# Good Matrix Libraries? [closed]

I've been dealing with math-intensive code and require a good matrix library. I could use a two dimensional array, but a complete matrix library (with multiplication, addition etc.) would be much more convenient. I obviously already googled it, but this gave me a plethora of choices. I was hoping that the opinions of a few experienced programmers would help narrow it down.

What are some good free matrix/linear algebra libraries for C++?

## closed as off-topic by NathanOliver, Justin, FelixSFD, user177800, MachavityApr 28 '17 at 20:29

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You can try uBlas

Functionality

uBLAS provides templated C++ classes for dense, unit and sparse vectors, dense, identity, triangular, banded, symmetric, hermitian and sparse matrices. Views into vectors and matrices can be constructed via ranges, slices, adaptor classes and indirect arrays. The library covers the usual basic linear algebra operations on vectors and matrices: reductions like different norms, addition and subtraction of vectors and matrices and multiplication with a scalar, inner and outer products of vectors, matrix vector and matrix matrix products and triangular solver. The glue between containers, views and expression templated operations is a mostly STL conforming iterator interface.

Eigen is a very fast matrix manipulation and linear algebra library which uses hardware acceleration when available.

• hardware acceleration? it uses gpu? how? – SRN Jun 16 '12 at 21:01
• It doesn't use the GPU. From the main web page "Explicit vectorization is performed for SSE 2/3/4, ARM NEON, and AltiVec instruction sets, with graceful fallback to non-vectorized code." – andand Jun 16 '12 at 21:03
• ok thanks mybad – SRN Jun 16 '12 at 21:04

There is also IT++, which has an easy to use syntax, similar to Matlab. Armadillo also has a very similar syntax, but is known to be considerably faster than IT++. (Armadillo uses template meta-programming, while IT++ doesn't). Both Armadillo and IT++ provide eigen decomposition, singular value decomposition, matrix inverse, etc. In contrast, uBlas uses template meta-programming for speed, but can't do matrix inversion, etc.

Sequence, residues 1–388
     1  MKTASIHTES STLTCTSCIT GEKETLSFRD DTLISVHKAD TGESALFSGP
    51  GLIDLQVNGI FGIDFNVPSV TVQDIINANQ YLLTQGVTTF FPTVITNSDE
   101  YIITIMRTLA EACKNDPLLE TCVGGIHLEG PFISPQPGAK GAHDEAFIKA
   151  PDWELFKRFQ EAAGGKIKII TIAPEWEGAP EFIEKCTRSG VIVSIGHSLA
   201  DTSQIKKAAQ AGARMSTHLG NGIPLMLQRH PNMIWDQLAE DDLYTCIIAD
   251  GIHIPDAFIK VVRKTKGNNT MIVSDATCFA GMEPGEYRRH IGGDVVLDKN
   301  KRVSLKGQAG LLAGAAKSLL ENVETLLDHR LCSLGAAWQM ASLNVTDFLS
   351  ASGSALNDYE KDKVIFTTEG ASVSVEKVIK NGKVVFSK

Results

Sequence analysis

The speed difference cones at the trade-off in terms of different sets of functionality in various areas, eg. IT++ has many functions for signal processing, while Armadillo almost exclusively focuses on linear algebra.

This brings up a related point: the speed of a library is only one factor in its overall usefulness or value. For example, you may have a very fast library, but it takes quite a while to learn its API/syntax, or the syntax is hard to use. Another issue is the amount of functionality already present within the library -- eg. you may need to write your own functions. You may also need to consider whether the purpose of the library is to ease the conversion of Matlab code to C++, or you're already familiar with Matlab syntax.

Given the above points, you can end up spending more time coding and debugging than running your code, which in the end defeats the purpose of a fast library. In other words, the raw execution speed is only one factor, and it shouldn't be relied upon as the overall deciding factor. Development time is also a very important factor (eg. "time to product"), not only from a cost perspective, but also as less time spent coding frees you to do other things.

In the past I have used Armadillo . I cannot speak for its speed capabilities - it was recommended to me by a friend as it exhibits some similarity to MATLAB functions and notation. I did not try anything very intensive with it but it served my purposes at the time I used it. I have also heard good things about uBlas as is also recommended here.